The Remains of the Day opens with a static line drawing of a typical English manor, its center window gradually dissolving to reveal a spectacular tracking shot under the opening credits, the camera following a vintage automobile down a heavily treed and winding country road on a particularly sullen afternoon. Our introduction to Darlington Hall is not unlike Hitchcock’s debut of Manderly in Rebecca (1940): Darlington Hall, once the grand bastion of stiff upper-lipped pride, elegance and refinement; rather, now the sad derelict, branded a ‘traitor’s nest’ in The Times, silent and diminished in the shadow of an auctioneer’s tent; its’ priceless wares sold to the highest bidder. We begin with a voiceover narration from Miss Kenton (Emma Thompson); the former head housekeeper, responding in kind to a letter written by Stevens, the head butler (Hopkins). Her brittle commentary is about the weary state of postwar England and the badly maligned reputation of the estate’s former owner; their employer, Lord Darlington (James Fox). Like the estate, Stevens has been relegated to the scrapheap of time. Yet a reprieve of sorts is in store for both the man and his memories. Retired U.S. congressman, Jack Lewis (Christopher Reeves) has bought Darlington Hall for his retirement retreat and is in the process of repossessing as many of its cultural artifacts. Lewis encourages Stevens to take a road trip in Lord Darlington’s Daimler; Stevens suggesting he might venture to the West Country where he has been practically assured of Miss Kenton’s return into service. Quickly, however, we discover Stevens has more personal reasons for making this journey.
Regressing into the film’s pre-war story, Stevens, considerably younger – is leading what he once perceived as an enviable life. As a proper English butler he is afforded the comfort of his surroundings and the honor to serve one of England’s premiere houses, of notable repute in political, as well a social circles. Lord Darlington is a gentleman of highborn pedigree who casually dabbles in politics. His meddling is well-intentioned. Inadvertently, it has drawn post-war Britain closer into the looming second European conflict. On this particular afternoon, Darlington is hosting a fox hunt for his neighbors. The day is marked – at least in Stevens’ memory – by the arrival of Sarah Kenton who has come in search of a position as its replacement housekeeper. Initially, Miss Kenton and Stevens do not get on. In fact, she mildly resents his rather imperious tone and quizzical interventions. He is, in fact, marginally amused by her initial bristling and frustration.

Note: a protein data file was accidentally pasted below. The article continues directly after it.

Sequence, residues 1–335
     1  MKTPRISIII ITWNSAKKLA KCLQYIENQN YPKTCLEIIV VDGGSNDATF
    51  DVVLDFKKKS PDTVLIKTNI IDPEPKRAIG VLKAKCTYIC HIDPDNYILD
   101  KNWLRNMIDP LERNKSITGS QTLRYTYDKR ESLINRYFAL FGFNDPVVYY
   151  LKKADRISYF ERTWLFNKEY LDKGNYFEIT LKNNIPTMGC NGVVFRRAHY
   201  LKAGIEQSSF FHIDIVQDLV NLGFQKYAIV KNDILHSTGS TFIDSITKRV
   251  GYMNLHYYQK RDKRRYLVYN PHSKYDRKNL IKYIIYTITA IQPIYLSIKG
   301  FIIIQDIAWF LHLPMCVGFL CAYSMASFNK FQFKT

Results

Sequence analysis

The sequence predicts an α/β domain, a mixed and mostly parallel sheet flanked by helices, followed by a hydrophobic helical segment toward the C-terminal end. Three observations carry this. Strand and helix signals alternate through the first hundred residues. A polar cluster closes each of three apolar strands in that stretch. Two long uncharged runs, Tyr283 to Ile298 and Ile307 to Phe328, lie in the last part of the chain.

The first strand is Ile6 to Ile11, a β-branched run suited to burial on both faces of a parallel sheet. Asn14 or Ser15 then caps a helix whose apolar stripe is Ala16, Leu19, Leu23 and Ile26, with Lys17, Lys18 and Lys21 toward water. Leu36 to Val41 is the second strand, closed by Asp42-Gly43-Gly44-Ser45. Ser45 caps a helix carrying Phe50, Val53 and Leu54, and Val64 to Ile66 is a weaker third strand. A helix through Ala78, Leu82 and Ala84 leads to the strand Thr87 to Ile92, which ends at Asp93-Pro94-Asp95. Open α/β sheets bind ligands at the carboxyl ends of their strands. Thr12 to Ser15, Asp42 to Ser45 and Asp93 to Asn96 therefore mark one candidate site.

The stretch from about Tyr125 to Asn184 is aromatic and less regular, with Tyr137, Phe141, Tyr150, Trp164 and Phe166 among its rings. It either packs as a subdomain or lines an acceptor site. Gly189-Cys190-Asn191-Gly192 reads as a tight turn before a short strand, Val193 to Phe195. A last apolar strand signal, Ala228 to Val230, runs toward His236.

However, as time wears on, a quiet understanding grows between Miss Kenton and Stevens – though he seems quite incapable of accepting even her most remedial acts of kindness without remaining quietly aloof; considering the freshly cut blooms she has brought to enliven his drab room, “a distraction”, or refusing to reveal the contents of a book he has been reading in secret which turns out to be ‘just a sentimental love story’; the big reveal being Stevens might be placing his more altruistic thoughts elsewhere than on the work at hand. Perish this thought – and readily, it does simply that, as Stevens struggles to suppress his inner feelings. Jhabvala’s screenplay is particularly devious (though never false) in the way it builds upon these seemingly innocuous sparring matches, and Hopkins and Thompson are marvelous together in their subdued exchanges, brewing with burgeoning romantic realization.
With Lord Darlington’s permission, Stevens hires his aged father, William (Peter Vaughan) as the under butler. Afoot and at stake are negotiations between Germany, France, England and America; an international peace conference set to take place at Darlington Hall. Apart from its diplomatic importance, Lord Darlington is determined the conference will be an exemplar of English hospitality and tradition. But William is forgetful. Moreover, he has past his prime as a viable manservant. Unavoidable derelictions of duty are brought on by age. Miss Kenton readily recognizes these infractions and attempts to point them out to spare both men their dignity. But Stevens is adamant and unwilling to even acknowledge them. When William trips and falls on some crooked paving stones while carrying a heavy silver tray, Lord Darlington sends for the doctor, leaving his staff one short during the conference.